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What Is Sharia?

Wednesday, 24 Nov 2010 01:42 PM


All religions are governed by their own set of laws. For centuries, religious laws have been part of our social reality. The functioning of our daily lives are in one way or the other governed by these laws.
 
Sharia is the Islamic set of laws that are meant to regulate the functioning of society. The Sharia laws, according to Muslims, are derived from the divine revelations that are recorded in the holy Quran and the teachings of Muhammad.
 
Historically speaking, the Shariah law came into existence by the year 622 AD. The law has evolved over a period of time, adjusting to the demands of a changing world. Broadly speaking, there are four main schools of Shariah in the Islamic world; Maliki, Shafi, Hanafi, and Hanbali. The Hanafi school of thought is considered to be more liberal than the other three.
 
 Sharia governs every aspect of a person’s life from religious practices, marital life and socio-political realties.
 
According to Sharia laws, Muslims are supposed to pray five times a day. They have to observe 30 days of fast in the month of Ramadan. Sharia also urges Muslims to visit the holy city of Mecca for Haj pilgrimage once in their lifetime.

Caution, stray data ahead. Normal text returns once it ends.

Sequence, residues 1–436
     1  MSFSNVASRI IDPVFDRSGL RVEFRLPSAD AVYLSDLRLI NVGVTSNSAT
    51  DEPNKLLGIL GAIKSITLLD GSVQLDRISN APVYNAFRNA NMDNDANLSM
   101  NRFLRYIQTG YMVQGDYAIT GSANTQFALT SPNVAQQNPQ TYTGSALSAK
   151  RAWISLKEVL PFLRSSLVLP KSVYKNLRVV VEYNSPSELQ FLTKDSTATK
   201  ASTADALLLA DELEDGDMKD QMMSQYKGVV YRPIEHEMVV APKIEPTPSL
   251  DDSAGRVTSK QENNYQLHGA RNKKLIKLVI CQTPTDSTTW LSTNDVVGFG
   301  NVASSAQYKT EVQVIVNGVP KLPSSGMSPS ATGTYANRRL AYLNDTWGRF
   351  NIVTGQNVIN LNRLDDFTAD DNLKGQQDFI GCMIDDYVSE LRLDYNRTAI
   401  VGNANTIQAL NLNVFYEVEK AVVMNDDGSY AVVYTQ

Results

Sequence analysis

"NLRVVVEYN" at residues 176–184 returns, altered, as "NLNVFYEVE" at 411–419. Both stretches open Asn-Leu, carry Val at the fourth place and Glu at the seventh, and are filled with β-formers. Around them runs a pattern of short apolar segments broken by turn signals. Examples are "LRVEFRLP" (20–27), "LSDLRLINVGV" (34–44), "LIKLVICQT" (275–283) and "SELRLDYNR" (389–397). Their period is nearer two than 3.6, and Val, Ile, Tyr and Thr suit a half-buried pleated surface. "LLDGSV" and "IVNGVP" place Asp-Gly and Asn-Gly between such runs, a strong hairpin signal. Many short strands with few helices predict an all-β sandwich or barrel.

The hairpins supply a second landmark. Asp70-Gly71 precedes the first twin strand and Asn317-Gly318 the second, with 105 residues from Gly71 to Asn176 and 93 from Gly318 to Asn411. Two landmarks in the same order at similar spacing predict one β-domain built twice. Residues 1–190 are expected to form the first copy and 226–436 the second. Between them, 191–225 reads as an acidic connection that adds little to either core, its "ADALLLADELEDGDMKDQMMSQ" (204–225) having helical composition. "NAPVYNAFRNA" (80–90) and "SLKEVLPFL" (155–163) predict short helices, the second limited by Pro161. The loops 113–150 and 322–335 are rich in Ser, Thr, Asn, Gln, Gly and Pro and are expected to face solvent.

Sharia laws not only regulate the day-to-day behavior of Muslims, but also have a larger socio-political impact. There have been debates in the past about the validity of continuing with religious laws in the modern, liberal, democratic world. However, such practices have been allowed in the name of religious freedom. Sharia laws are used in places where the Muslim community represents a sizeable population.
 
Sharia laws have been subject to criticism. According to some, the law is repressive towards women. Muslim scholars, on the other hand, blame such interpretations on a lopsided view of these Islamic laws. According to them, Sharia guarantees women their rights and is not repressive in any way.

In a world that is facing the threat of religious extremism, it becomes even more important to understand the truth of religious laws.


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